Social Security Keeps Kentuckians Out of Poverty and Boosts Local Economies
November 7, 2016
Social Security helps nearly a million Kentuckians make ends meet, cuts senior poverty dramatically and supports local economies by ensuring more people have money in their pockets to spend, as outlined in a a new report by the Center on Budget and Policy Priorities.
The report shows a total of 936,497 Kentuckians received Social Security benefits last year, 263,000 of whom would have otherwise been in poverty. Social Security doesn’t just benefit seniors, but children dependents as well; in Kentucky 63,882 children benefited from Social Security.
|Age 65 and Older||Age 18-64||Children Under Age 18||Total|
Social Security provides modest cash benefits for retired workers, disabled workers, and aged widows and widowers. For the average American retired beneficiary, monthly income from Social Security is only $1,329; in Kentucky the average benefit is even less: $1,123 1. In fact, typically, Social Security replaces just under 40 percent of a retired worker’s previous earnings – far below other the average in other industrialized nations.
Still, if it weren’t for these benefits, 53.1 percent of Kentucky seniors would live under the poverty line, causing great hardship for them and economic stress in their communities (a 2013 AARP study found that every dollar spent through Social Security generates two dollars in the economy).
Source: Center on Budget and Policy Priorities
Social Security is a vital part of retirement security. Alarmists often claim Social Security won’t be around in the future, but the program can be protected with relatively modest revenue adjustments in the future. A trust fund was created to protect Social Security in 1983 as the baby boomers retire, and even when it is used up in 2034, incoming revenue will still be enough to cover three-fourths of the cost of benefits. Simple changes can be made to protect the program without reducing benefits or creating short-term disruptions, such as:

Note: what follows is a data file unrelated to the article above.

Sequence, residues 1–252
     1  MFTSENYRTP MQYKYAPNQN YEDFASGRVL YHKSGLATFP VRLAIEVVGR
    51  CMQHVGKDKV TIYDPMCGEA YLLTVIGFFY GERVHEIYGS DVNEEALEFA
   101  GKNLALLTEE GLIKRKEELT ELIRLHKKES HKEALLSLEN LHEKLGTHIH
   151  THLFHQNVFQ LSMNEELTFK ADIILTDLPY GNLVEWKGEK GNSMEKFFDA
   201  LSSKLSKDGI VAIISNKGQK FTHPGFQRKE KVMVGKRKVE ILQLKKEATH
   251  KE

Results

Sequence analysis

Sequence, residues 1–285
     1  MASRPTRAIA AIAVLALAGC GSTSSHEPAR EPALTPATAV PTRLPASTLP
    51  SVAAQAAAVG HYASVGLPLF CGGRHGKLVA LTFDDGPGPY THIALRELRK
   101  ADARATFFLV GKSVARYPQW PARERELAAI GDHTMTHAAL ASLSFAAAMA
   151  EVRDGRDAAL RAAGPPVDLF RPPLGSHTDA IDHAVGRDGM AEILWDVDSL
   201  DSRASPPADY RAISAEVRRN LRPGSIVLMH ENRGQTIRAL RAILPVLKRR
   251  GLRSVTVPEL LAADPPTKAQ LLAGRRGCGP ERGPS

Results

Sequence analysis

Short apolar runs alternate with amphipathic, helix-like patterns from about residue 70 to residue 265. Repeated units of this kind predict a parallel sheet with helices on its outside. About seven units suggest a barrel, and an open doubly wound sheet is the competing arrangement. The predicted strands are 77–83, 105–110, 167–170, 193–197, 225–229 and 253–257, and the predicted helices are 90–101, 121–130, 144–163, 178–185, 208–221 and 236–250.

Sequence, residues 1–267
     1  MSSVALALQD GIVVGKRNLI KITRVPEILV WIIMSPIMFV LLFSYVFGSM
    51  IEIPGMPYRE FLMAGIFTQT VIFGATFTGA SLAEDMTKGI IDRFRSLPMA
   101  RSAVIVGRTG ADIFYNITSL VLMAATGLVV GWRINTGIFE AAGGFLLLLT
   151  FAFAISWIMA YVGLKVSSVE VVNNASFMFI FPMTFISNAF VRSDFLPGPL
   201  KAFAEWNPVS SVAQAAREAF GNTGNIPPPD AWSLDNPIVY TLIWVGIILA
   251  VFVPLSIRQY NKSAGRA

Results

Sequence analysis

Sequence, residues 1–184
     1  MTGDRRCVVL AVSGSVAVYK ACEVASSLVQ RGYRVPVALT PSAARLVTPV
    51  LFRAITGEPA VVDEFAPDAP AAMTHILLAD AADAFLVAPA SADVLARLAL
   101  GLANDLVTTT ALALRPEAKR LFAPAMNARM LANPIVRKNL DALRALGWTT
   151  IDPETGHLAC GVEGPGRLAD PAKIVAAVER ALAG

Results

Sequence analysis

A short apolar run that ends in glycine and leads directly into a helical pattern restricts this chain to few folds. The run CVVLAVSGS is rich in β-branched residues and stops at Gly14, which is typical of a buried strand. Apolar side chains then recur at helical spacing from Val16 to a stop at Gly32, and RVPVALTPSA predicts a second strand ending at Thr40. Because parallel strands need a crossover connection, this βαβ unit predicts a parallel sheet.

- Lift or eliminate the cap on taxable wages in the Social Security payroll tax (currently no tax is owed over $118,500 in income). By making sure those at the top don’t get a break, lifting the cap could close anywhere between 25-90 percent of the funding gap (depending on what amount you lift the cap to, or if you eliminate it altogether).
- Expand the kinds of compensation that can count as taxable payroll (like certain kinds of retirement contributions or health insurance contributions made by employers). This could close one third of the funding gap.
- Increase the Social Security payroll tax gradually by 0.6 percentage points over seven years (from 12.4 to 13 percent). This would close one fifth of the solvency gap. If it continued to rise to 14.8 percent, it would close two-thirds of the funding gap.
Social Security is not just a pension, it’s an anti-poverty tool that protects our most vulnerable – seniors, children and the disabled — and it’s an economic engine that boosts local economies when those dollars are spent. Decision makers in Washington should build on this program, and choose policies that ensure its long-term success.
- According to 2015 ACS microdata for US Citizens, in Kentucky, aged over 64. ↩